“I went back to the paper and blistered the son of a bitch,” said Hairston, who joined the FWAA in 1954. “I must have gotten 250 letters. Most of them were pro Namath.”

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Pillars of the FWAA: Tom Mickle (1950-2006), Florida Citrus Sports

ffaw_redesignThe Football Writers Association of America is celebrating its 75th anniversary in 2015. Founded in 1941, the FWAA has served the writing profession and college football during a time when the world has changed greatly and the sport of football has along with it. In an effort to tell the stories of the members of the organization, we will publish each week a sketch on one of the FWAA’s  most important  leaders — all Bert McGrane Award winners.

The Bert McGrane Award, symbolic of the association’s Hall of Fame, is presented to an FWAA member who has performed great service to the organization and/or the writing profession. It is named after McGrane, a Des Moines, Iowa, writer who was the executive secretary of the FWAA from the early 1940s until 1973. The McGrane Award was first bestowed on an FWAA member in 1974.

For a list of all the winners go to:  http://www.sportswriters.net/fwaa/awards/mcgrane/index.html.

The following is the 17th installment of the Pillars of the FWAA series. Tom Mickle was the 2010 winner of the Bert McGrane Award. Thanks to FWAA Past President Alan Schmadtke (2005)   for writing and researching this sketch.

By Alan Schmadtke

College football historians link Tom Mickle’s legacy to a cocktail napkin, his vehicle of choice for game-planning a playoff.

For those who knew him best, memories take them to his unending optimism. They remember his small, perpetual grin that made them wonder if they were about to laugh or be amazed. They remember his owl-like glasses, a raspy voice and a wry delivery. They remember him hoisting a glass of wine in the fall and winter, a gin-and-tonic when it turned warm.

Tom Mickle, posthumous winner of the Bert McGrane Award in 2010.

Tom Mickle, posthumous winner of the Bert McGrane Award in 2010.

Mickle had a passion for work and play.

“Once you’d been around him, you didn’t leave and not smile about things or have a better perception about things. He had that effect,” one of Mickle’s best friends, Rick Chryst, told the Orlando Sentinel upon Tom’s death at age 55 in 2006.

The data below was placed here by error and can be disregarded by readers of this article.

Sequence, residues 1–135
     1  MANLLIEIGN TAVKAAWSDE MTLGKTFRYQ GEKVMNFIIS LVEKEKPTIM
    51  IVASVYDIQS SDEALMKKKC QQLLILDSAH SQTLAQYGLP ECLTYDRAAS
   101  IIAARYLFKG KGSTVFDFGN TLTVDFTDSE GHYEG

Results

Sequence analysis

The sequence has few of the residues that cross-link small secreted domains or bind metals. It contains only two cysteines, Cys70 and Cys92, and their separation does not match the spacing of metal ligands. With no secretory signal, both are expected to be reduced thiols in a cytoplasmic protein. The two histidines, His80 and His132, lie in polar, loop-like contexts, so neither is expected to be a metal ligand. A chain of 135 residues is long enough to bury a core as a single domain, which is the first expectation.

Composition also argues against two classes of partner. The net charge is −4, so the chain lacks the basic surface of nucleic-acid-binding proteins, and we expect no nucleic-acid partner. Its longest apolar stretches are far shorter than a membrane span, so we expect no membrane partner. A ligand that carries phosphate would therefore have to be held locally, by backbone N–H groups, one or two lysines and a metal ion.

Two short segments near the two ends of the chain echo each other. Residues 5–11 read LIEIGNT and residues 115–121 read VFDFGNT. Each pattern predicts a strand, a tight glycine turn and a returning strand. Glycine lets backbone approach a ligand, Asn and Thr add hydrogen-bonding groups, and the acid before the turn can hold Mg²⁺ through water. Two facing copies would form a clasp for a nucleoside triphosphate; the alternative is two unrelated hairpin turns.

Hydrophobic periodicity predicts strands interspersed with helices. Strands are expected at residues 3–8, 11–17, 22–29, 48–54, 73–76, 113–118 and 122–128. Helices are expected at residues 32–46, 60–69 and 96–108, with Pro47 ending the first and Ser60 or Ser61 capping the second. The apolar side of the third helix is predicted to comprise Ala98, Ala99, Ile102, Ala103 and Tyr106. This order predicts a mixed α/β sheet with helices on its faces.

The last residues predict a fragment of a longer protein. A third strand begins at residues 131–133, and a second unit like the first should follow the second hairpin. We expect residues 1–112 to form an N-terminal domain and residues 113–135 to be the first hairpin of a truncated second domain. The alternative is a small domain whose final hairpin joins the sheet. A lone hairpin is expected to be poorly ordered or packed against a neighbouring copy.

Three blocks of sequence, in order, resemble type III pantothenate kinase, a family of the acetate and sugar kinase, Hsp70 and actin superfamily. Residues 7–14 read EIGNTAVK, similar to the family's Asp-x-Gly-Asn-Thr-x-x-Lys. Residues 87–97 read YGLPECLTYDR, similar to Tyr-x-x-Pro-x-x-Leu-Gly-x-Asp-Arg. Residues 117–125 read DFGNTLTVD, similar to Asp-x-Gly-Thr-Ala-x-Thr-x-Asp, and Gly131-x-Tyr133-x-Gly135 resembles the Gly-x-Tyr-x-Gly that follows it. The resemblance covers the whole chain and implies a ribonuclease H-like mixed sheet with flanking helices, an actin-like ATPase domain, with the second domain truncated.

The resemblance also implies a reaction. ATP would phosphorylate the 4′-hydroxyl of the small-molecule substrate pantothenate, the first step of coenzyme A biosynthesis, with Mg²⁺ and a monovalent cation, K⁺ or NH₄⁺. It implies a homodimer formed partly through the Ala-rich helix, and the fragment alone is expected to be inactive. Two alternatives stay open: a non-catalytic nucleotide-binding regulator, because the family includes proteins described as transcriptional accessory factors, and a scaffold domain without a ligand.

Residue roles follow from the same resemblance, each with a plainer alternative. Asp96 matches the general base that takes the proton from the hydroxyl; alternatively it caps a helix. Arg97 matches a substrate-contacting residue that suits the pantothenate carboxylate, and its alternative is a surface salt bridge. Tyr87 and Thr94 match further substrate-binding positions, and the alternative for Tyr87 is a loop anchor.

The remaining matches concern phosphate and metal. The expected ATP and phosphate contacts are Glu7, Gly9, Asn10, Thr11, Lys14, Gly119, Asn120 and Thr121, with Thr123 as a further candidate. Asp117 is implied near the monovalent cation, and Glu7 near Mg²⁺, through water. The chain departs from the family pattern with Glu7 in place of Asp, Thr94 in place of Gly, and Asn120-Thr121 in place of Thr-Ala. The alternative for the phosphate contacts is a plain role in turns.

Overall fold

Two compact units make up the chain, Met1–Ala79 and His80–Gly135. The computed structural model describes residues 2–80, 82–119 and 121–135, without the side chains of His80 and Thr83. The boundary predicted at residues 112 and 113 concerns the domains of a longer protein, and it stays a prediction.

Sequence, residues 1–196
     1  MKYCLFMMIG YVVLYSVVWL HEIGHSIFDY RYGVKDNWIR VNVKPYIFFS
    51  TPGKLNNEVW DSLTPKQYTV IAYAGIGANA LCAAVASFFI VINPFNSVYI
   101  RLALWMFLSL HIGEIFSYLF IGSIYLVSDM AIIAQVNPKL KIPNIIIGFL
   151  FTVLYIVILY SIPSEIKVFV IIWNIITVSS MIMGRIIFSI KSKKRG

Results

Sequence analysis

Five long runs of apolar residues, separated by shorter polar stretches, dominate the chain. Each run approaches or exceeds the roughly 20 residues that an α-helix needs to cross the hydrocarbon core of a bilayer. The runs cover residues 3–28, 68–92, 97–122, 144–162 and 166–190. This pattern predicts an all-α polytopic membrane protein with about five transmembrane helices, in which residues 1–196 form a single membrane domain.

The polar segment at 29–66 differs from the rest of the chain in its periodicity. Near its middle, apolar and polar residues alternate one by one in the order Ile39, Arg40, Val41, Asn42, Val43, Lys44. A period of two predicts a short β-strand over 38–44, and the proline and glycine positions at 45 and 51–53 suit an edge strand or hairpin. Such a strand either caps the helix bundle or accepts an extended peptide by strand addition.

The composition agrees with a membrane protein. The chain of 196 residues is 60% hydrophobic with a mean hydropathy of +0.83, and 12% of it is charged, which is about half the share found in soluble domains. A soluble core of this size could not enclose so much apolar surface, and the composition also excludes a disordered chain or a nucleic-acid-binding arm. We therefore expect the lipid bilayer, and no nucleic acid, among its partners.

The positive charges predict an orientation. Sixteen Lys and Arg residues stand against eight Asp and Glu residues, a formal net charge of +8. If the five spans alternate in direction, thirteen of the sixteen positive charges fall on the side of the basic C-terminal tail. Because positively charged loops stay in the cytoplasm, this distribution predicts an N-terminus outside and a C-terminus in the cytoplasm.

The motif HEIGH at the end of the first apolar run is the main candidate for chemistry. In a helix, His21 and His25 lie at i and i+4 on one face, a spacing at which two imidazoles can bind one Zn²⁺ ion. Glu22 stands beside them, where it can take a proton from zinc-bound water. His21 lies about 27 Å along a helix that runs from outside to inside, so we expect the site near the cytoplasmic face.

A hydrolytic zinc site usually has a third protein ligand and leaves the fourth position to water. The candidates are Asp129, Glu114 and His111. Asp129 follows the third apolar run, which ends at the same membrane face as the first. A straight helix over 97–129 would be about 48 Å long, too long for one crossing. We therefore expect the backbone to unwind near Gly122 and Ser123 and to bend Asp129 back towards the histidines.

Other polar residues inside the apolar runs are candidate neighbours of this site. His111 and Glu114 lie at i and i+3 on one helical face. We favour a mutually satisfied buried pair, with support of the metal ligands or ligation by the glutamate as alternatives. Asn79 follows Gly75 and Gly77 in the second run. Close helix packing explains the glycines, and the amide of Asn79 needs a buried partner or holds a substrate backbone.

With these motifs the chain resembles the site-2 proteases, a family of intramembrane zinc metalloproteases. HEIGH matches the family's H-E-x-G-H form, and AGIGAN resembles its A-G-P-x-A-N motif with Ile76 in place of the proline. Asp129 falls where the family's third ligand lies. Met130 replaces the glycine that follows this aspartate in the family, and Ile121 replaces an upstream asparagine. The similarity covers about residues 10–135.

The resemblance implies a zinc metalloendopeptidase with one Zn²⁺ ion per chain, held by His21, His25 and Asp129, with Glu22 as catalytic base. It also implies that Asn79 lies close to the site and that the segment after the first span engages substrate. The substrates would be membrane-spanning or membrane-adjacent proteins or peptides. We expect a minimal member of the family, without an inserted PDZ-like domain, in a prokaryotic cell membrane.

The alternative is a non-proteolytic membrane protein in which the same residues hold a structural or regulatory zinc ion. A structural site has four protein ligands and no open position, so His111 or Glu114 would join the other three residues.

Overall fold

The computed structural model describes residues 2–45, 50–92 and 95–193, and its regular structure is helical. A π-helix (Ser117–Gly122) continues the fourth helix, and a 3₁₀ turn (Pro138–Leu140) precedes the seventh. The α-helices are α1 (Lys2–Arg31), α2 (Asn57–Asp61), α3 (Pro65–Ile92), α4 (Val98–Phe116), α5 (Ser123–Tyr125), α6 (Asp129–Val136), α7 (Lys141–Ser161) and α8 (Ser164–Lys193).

Former Atlantic Coast Conference Commissioner Gene Corrigan called Mickle the best hire he ever made, and no one argues the point. One morning in the early 1990s, Mickle walked into his boss’s office and handed him brackets on small paper. The last remnant from a brainstorm dinner was the framework of a No. 1 vs. No. 2 New Year’s Day football game – the end result of Corrigan’s dream-shot request.

The commissioner wanted to secure the ACC’s football champion an annual New Year’s slot somewhere alongside SEC, Big Eight, Big Ten and Pac-10 champs. A de facto national championship game for college football as part of the solution worked fine, too.

Few remember now how land-locked college football used to be, when a 1 vs. 2 matchup was an anomaly.

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Pillars of the FWAA: Dave Campbell (1925-), Waco Tribune-Herald

ffaw_redesignThe Football Writers Association of America is celebrating its 75th anniversary in 2015. Founded in 1941, the FWAA has served the writing profession and college football during a time when the world has changed greatly and the sport of football has along with it. In an effort to tell the stories of the members of the organization, we will publish each week a sketch on one of the FWAA’s  most important  leaders — all Bert McGrane Award winners.